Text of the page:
The Iron Dome effect
The author, a former editorial writer and director of the Institute for Military and Security Affairs at the JoongAng Ilbo, is a senior researcher of the institute.
Rockets fired by Hamas, a militant group representing Palestinians in Gaza, and interceptor missiles launched by the Israeli Army were the epitome of modern warfare, just like the Tomahawks fired from the Red Sea during the Gulf War. The casualties on both sides were somehow overshadowed by the amazing fireworks in the sky on May 10 as Hamas rocket attacks were effectively countered by Tamir interceptors launched by Iron Dome, Israel’s sophisticated missile-defense system. The system is believed to have knocked down 1,030 out of the 1,050 rockets fired by Hamas.
The missile defense system developed by Israeli defense company Rafael in 2011 can detect mortar shells and rockets fired within a 70-kilometer (43-miles) range and launch Tamir missiles to intercept them. Rafael is currently working on extending the missile’s range up to 250 kilometers and enabling the Tamir to intercept short-range ballistic missiles too.
Iron Dome proved its effectiveness before. When Hamas fired 421 rockets toward Israel in November 2012, the defense system intercepted 85 percent of them. Despite its high cost — $80,000 per missile — the dome noticeably reduced civilian damage caused by close-range rocket attacks from Gaza, a self-governing Palestinian territory controlled by Hamas. Following a U.S. Army contract with Rafael to adopt the missile system, NATO is considering purchasing it.
South Korea once considered the introduction of the Israeli missile defense system, but decided to develop a similar system on its own given the nature of the threat. (For instance, if Hamas shoots 1,000 rockets at a time, North Korea can fire tens of thousands of shells from its long-range artillery hidden in dense mountains.) Coupled with high expenses needed for the Israeli defense system, the Agency for Defense Development (ADD) under the Ministry of National Defense decided to develop so-called “K-Iron Dome” by as late as 2030 due to budget cuts.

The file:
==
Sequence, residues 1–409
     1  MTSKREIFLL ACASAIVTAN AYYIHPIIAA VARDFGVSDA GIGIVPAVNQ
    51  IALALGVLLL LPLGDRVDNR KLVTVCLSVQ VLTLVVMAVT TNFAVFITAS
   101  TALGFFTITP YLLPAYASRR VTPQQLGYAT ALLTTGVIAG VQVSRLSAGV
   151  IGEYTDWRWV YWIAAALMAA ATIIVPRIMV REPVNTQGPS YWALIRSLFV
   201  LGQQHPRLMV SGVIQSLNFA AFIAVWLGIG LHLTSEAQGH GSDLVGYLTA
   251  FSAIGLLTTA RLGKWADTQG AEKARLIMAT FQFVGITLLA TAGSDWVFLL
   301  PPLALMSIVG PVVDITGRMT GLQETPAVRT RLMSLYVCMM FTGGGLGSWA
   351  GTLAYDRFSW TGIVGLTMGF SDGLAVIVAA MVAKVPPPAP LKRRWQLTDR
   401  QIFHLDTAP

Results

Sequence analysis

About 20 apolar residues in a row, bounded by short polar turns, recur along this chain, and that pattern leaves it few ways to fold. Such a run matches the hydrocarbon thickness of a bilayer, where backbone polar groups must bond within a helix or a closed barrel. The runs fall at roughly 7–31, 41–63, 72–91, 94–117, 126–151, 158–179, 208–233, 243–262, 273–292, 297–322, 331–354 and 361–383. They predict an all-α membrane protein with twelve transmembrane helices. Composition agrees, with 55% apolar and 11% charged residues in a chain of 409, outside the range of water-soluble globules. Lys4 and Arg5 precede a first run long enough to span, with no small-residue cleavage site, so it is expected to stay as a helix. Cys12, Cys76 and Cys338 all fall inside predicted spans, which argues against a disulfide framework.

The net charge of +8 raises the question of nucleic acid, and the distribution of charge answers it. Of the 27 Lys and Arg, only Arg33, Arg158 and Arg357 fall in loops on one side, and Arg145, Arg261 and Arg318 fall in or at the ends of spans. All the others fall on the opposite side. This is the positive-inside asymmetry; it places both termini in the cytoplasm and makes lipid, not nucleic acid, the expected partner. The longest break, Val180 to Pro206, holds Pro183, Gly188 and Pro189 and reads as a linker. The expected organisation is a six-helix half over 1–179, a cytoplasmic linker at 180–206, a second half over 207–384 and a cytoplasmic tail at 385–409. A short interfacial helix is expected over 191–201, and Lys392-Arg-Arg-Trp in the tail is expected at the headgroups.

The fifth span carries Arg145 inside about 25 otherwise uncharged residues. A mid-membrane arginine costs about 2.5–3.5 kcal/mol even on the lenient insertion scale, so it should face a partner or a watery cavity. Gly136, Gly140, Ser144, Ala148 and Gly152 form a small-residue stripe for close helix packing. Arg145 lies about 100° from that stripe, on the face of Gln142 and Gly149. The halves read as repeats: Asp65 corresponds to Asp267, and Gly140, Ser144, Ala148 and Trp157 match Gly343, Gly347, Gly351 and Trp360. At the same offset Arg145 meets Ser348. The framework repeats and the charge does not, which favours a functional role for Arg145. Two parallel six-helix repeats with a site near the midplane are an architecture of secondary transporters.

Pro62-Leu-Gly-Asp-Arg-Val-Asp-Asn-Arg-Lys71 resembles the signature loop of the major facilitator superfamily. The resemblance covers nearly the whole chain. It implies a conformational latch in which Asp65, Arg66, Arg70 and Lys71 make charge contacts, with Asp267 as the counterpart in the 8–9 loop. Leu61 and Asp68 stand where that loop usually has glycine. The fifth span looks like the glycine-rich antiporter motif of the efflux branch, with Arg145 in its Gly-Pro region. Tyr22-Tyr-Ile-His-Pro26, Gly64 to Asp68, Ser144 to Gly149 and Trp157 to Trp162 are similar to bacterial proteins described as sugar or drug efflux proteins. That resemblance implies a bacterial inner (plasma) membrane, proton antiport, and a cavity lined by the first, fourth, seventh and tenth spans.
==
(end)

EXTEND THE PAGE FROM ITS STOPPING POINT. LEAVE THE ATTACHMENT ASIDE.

South Korea’s military does not have weapons akin to the Iron Dome. About 340 long-range artillery weapons deployed across the border can fire up to 20,000 rounds per hour to targets 50 to 60 kilometers away, including in Seoul and Gyeonggi Province. In the first North Korean nuclear crisis in 1993, the Clinton administration planned to bomb the Yongbyon nuclear facility, but it had to give it up due to security concerns from the Kim Young-sam administration about North Korea’s possible retaliation with long-range artillery attacks that can devastate Seoul.
Things changed after South Korean military authorities came up with the idea of launching a “massive firepower operation” against the long-range artillery units across the border by mobilizing the Multiple Launch Rocket System (MRLS), short-range ballistic missile systems such as the Army Tactical Missile System (Atacms), the Korean Tactical Surface-to-Surface Missile (Ktssm), the 155-milimeter self-propelled artillery and a fleet of Air Force fighters. However, after learning of the South’s operation plan in the early 2010s, the North moved the position of its long-range artillery units northward to the slopes of mountains to make it hard for South Korea to aim at them.
But South Korea could not simply sit on its hands. After detecting the locations of the North’s mountain tunnels, South Korean military stealthily developed the Ktssm to better cope with another Yeonpyeong shelling by North Korea. Ktssm is a horror for the North Korean Army. Equipped with precision-strike capabilities, the missiles can hit the entrances of mountain tunnels. It can penetrate the three-foot-thick wall of a tunnel and then entirely destroy it.
As South Korea has yet to develop the K-Iron Dome, it has to suffer at least the first stage of the North’s long-range artillery attacks particularly for the initial 10 to 20 minutes. During the short period of time, North Korea can fire up to 5,000 shells at the Seoul Capital Area, with 3,000 landing on roads or in parks and the remaining 2,000 hitting buildings and homes.
Under such circumstances, you cannot ignore the massive damages in the initial stages of the long-distance artillery attack from North Korea. One of the solutions is to advance the development of K-Iron Dome or to bring in Israel’s. Developing a laser interceptor system is also urgent. South Korea has developed a 30-kilowatt laser weapon system, but advanced countries are developing 300-to-1,000-kilowatt laser systems, which can intercept not only shells but also ballistic missiles.
Defense industry experts and the ADD stress that South Korea can develop high-energy lasers.